Five expeditions in southern Isabela Island were conducted to conduct a count of eight giant tortoise population on the Sierra Negra volcano and Cerro Azuul volcano. The census aims to determine the population size and demographics of Chelonoidis viscina and Chelonoidis negra populations on Cerro Azul and Sierra Negra. Information gathered will be crucial in conserving and protecting this emblematic species.
A similar expedition took place on Espanola island in March this year. 86 juvenile tortoises belonging to the Chelonoidis Hoodensis were released. The individuals were born in captivity and reintroduced to their natural habitats to increase genetic diversity and strengthen the existing populations. The presence of giant turtles on Espanola has a crucial role in the plant community structure, as it supports species such as albatrosses which require open spaces for landing and take-off. Scientists at the Galapagos Conservancy and rangers of the GNPD closely observe these tortoises released to their natural habitat. They assess their adaptability and survival.
C. hoodensis species was also reintroduced on Santa Fe Island as part of the island’s ecological restoration. Over 700 tortoises, including juveniles and subadults, were ready to fulfill their role as natural herbivores. Over 700 tortoises were reintroduced to Santa Fe Island as part of the island’s ecological restoration. These included juveniles and subadults who are ready to take on their natural role as herbivores. The island has been subjected to a number of ecological surveys. One event that will confirm that the tortoises are adapted is nesting. In order to find evidence, a short trip was undertaken covering the areas that were frequently visited by satellite-tracked turtles. Nests of these tortoises are yet to be found.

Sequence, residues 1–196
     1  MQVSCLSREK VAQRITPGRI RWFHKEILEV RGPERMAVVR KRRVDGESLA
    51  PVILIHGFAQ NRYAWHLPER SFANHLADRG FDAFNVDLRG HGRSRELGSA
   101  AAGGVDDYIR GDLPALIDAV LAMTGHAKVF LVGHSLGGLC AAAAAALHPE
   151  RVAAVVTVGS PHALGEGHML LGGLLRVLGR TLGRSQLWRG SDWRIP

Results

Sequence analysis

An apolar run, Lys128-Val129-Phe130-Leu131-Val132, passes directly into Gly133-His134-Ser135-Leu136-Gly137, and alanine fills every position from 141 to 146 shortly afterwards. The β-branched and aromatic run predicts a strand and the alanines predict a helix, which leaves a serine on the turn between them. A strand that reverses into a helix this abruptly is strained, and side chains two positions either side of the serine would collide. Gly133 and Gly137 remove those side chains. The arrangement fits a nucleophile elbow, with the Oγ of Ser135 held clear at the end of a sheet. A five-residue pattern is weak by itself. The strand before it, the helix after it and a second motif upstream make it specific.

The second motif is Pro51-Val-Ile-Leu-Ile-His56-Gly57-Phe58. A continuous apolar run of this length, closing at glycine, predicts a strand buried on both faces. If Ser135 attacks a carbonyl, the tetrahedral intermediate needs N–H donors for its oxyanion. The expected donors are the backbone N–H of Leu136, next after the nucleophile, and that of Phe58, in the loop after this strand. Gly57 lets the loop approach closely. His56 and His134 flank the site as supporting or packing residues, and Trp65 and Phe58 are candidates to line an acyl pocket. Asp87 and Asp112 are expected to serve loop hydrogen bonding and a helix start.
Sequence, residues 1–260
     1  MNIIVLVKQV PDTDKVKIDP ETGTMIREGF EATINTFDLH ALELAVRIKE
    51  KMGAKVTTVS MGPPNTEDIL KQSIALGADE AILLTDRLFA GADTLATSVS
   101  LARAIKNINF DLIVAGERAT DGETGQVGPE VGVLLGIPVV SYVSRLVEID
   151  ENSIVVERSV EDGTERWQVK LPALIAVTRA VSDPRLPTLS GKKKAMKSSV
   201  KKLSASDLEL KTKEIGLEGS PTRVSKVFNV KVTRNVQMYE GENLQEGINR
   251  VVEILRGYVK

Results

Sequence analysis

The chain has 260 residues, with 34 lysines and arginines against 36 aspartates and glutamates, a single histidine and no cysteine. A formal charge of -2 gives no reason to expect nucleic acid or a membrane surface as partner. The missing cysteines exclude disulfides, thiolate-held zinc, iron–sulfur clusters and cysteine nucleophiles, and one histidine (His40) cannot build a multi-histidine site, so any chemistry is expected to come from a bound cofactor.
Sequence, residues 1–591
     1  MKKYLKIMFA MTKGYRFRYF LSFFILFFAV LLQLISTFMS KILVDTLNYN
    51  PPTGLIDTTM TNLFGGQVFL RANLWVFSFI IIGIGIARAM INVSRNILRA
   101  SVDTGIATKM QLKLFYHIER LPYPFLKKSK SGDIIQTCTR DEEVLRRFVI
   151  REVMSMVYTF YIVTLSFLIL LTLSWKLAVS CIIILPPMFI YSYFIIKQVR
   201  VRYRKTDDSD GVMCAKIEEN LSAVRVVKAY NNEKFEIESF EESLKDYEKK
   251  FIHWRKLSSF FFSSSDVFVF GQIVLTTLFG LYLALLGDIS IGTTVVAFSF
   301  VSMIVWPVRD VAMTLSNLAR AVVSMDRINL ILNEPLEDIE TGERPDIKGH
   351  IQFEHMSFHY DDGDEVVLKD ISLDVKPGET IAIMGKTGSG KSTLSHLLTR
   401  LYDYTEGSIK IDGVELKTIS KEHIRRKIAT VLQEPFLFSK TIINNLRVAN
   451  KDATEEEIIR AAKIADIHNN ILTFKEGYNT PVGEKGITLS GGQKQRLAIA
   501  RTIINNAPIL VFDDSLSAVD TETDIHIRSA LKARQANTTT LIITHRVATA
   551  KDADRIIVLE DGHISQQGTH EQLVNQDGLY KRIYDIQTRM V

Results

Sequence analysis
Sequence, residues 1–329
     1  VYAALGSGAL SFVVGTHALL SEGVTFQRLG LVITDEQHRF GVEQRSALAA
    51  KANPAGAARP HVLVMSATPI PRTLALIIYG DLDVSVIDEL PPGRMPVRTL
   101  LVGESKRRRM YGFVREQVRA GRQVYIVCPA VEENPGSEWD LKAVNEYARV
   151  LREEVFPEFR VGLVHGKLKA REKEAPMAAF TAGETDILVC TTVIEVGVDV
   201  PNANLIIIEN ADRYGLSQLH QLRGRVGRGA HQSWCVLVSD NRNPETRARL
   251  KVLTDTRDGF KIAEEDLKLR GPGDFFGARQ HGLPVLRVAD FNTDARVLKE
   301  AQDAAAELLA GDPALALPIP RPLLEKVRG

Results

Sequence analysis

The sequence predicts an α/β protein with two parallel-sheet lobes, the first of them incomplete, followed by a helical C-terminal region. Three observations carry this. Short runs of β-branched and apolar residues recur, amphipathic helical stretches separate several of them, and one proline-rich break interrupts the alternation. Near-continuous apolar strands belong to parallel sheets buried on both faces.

Scientists and park rangers set out on one of the most exciting expeditions on Fernandina island to locate a specimen from the Chelonoidis Phantomticus specie. The IUCN Red List of threatened species classifies this Fernandina-specific species as Critically Endangered. The team, despite the obstacles and challenging conditions, showed unwavering resolve and passion in searching for a male to match the female discovered in 2019. The team has not yet found another specimen, but the data and observations they collected will be valuable for future conservation efforts in Fernandina.
The team’s first expedition in 2023 was to Espanola Island. They monitored vegetation plots, to better understand the impact giant tortoises have on plant communities, and conducted a comprehensive albatross count along the southern coast. This census was designed to collect updated data on the demographics of these birds and their population size, as well as explore how vegetation affects their presence in the interior and along the coast. Carrion stressed the importance in conserving these species. He said, “Through Iniciativa Galapagos we will continue with future expeditions and conservation project to protect our invaluable natural heritage and promote global awareness about the importance of preserving our fragile ecosystems.”